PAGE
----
Ross was soon to discover that his initial budget was woefully inadequate. The park stood on what was once the dry bed of the Elambore River and this necessitated laying deep foundations. His estimate soon trebled to 28,000 pagodas. The tender when floated was bid for by two contractors – the notorious Paul Benfield and John Sullivan, then a young writer in the company. Ross was widely perceived to be Benfield’s crony and so it was no surprise that he favoured awarding the contract to the latter even though his bid was higher than that of Sullivan. The Government was not amused. It also found fault with Ross for having introduced various ornamentations on the façade of the building even though the mandate was for plain elevations. Ross was suspended for a year, but on the order being rescinded, he made his peace with Sullivan and the two went on to complete the arsenal. The building, constructed chiefly with brick, mud and lime mortar, was thrown open on November 9, 1772.
Interestingly, the building was the subject of much debate while the construction was first thought of. It was the first view of Ross and probably Benfield that native artisans were incapable of designing and building the arsenal, especially its specific requirement of inverted arches. The Company and Sullivan strongly disagreed. It was therefore with much satisfaction that they reported progress to England in February 1772, stating that the work had been “conducted by Black Maistrys without any assistance and We are persuaded that they are equal to the execution of any Works that may be undertaken. The Arsenal is built on inverted Arches which your Chief Engineer was of opinion Mr. Benfield only could Construct, and yet all of the lower story, which consists of Bomb Proof built upon those arches have been certified to be finished in a workmanlike manner. We therefore leave you to Judge how far such European Artificers may be Necessary.” Going by this, it would appear that the arsenal was among the first buildings to be executed by Indians for the British. This tradition would continue through the construction of Chepauk Palace and many of the other edifices of the city. Interestingly, Benfield would be one of the first people to adopt this practice, for it was he who built Chepauk Palace. Benfield also appears to have owned considerable property in the vicinity of the arsenal. The area on its northern side was once known as Hanover Square and much of it is recorded to be Benfield’s.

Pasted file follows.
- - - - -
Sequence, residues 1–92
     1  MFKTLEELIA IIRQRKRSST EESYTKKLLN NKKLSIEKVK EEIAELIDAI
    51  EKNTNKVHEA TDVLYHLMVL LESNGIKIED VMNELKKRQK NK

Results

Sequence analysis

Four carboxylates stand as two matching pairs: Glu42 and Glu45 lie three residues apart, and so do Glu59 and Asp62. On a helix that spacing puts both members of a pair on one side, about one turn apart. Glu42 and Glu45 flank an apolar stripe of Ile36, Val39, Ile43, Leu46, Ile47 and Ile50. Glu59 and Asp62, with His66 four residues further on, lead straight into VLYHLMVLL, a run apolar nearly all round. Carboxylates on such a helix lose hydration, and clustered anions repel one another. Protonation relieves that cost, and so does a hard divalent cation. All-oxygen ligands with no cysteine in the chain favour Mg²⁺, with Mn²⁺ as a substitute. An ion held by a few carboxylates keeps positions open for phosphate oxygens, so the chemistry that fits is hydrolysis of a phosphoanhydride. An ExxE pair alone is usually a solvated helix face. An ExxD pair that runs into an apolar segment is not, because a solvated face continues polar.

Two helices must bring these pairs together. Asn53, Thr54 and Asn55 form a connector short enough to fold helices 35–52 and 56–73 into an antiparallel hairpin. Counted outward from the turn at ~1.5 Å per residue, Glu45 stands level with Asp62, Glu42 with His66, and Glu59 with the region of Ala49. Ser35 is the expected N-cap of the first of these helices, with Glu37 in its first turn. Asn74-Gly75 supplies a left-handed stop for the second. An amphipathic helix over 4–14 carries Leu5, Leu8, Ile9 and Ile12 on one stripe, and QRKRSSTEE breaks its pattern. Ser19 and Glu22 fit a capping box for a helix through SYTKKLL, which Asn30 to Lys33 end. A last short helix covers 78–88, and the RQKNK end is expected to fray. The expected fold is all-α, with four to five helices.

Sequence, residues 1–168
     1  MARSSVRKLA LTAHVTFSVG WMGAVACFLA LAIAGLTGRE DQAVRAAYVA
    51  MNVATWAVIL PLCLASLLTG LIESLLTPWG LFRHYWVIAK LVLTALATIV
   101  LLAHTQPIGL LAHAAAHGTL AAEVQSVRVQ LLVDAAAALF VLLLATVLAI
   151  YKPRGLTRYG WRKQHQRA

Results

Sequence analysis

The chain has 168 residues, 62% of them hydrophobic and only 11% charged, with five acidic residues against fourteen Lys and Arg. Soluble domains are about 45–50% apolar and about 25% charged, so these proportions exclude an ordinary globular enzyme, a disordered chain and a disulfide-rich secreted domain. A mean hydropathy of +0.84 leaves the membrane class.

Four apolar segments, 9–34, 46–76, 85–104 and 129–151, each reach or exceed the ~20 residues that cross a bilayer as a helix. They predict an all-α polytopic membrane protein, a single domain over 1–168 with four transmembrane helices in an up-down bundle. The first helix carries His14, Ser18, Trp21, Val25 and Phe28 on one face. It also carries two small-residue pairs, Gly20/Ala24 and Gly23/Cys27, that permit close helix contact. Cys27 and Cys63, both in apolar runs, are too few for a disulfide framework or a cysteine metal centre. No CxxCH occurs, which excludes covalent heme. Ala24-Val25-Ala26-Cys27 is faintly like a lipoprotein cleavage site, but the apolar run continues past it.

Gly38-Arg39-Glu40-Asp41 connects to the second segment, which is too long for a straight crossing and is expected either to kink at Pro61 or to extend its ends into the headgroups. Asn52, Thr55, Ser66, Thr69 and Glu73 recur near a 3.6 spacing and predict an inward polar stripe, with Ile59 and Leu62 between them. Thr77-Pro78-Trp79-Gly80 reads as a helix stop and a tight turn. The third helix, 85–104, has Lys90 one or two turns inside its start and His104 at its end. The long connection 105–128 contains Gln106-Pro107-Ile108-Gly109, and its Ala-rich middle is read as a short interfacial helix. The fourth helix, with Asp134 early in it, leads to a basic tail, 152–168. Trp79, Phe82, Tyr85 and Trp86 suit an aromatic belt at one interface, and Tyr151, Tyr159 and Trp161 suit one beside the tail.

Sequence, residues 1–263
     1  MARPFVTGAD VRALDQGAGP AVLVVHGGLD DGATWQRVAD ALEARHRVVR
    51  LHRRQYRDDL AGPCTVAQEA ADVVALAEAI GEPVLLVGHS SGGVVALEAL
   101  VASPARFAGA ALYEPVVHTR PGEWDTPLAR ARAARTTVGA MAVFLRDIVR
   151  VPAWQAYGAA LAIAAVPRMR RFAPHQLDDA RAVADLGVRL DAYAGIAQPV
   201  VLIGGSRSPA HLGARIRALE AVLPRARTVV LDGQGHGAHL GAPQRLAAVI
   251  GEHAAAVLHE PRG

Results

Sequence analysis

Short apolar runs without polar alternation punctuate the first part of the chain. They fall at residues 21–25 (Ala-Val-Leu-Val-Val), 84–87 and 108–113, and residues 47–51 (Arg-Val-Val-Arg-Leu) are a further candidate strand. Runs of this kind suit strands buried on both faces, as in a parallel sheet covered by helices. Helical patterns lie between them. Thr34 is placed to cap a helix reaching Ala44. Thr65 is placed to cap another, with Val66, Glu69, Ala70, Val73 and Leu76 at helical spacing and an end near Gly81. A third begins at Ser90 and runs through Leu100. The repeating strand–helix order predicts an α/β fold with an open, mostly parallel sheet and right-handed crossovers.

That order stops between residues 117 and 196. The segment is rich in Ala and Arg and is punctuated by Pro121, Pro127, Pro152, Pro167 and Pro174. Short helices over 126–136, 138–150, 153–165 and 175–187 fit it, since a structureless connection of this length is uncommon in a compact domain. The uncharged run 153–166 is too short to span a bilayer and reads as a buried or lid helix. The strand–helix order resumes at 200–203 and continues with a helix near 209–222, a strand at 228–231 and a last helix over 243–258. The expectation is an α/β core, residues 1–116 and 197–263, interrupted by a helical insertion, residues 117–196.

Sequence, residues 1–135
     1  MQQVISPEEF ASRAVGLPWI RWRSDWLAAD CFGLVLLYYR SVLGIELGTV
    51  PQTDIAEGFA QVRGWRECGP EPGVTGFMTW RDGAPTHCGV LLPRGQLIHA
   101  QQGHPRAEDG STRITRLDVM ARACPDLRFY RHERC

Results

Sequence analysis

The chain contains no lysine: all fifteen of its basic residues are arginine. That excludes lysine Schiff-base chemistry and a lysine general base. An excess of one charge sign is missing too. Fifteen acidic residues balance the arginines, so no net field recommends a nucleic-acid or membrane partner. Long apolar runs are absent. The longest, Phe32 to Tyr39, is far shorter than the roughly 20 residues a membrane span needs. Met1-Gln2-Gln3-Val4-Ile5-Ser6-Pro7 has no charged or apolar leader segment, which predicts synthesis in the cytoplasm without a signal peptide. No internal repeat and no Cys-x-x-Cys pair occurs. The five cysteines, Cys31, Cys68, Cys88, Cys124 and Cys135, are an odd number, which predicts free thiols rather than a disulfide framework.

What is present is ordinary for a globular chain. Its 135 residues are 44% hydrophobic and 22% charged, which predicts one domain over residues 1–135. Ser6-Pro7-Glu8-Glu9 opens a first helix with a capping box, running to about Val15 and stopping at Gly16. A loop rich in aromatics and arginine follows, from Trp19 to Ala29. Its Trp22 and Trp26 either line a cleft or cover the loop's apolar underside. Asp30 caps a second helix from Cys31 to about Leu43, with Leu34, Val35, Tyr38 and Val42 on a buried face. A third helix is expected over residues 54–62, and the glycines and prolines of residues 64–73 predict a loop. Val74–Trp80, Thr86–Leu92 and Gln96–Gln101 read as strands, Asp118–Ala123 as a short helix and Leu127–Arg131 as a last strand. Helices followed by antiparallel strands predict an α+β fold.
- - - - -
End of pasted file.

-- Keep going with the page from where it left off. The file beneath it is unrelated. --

The East India Company’s Arsenals and Manufactories by Brigadier General HA Young in 1920 has some interesting facts about the building. It was under the control of a Commissary of Stores who had under him two deputy commissaries, four conductors, four sergeants and a ‘matross’. By the 1820s, this had expanded to seven commissaries, each with staff reporting to him, lorded over by a Principal Commissary of Ordnance. Around 150 ‘Chickledars’ were employed to keep the arms clean. But in 1832, the arsenal was fitted with glass windows to keep out the dust and so this team was greatly reduced in size. But ten years later we find that quite an army worked here – a Principal Commissary, a Commissary, a Deputy Assistant Commissary, 10 conductors, 14 sub-conductors, 13 store sergeants, 1 labora-tory sergeant, 1 laboratory corporal, 422 lascars and 142 workmen.
As can be interpreted from the plaque, the arsenal ceased to be one in 1931. It has since been made over to offices of the military. It is not clear as to when the pile of cannon balls and shells that stands at the entrance was first put up to indicate that this structure was indeed an arsenal. But in his book The Story of Fort St George written in 1948, D.M. Reid makes mention of it.
The arsenal remains in an excellent state of preservation, being tended to with care.
This article is part of a series on Fort St George to commemorate its 375th year. You can read the other parts below:
1. The Fort, its topography
2. The Flagstaff
3. The Sea Gates
4. The Moat
5. The Cornwallis Cupola
6. The Assembly and Secretariat
7. The Parade Square
8. The King’s Barracks
9. The Great House on Charles Street
10. Arthur Wellesley’s House
11. Charles (and James) Street
12. The Church of St Mary’s
13. The Yard of St Mary’s
14. The Interior of St Mary’s
15. Some funerary and other monuments in St Mary’s
16. The romance of Church Street
17. St Thomas Street
18. The Wallajah Gate and Palace Street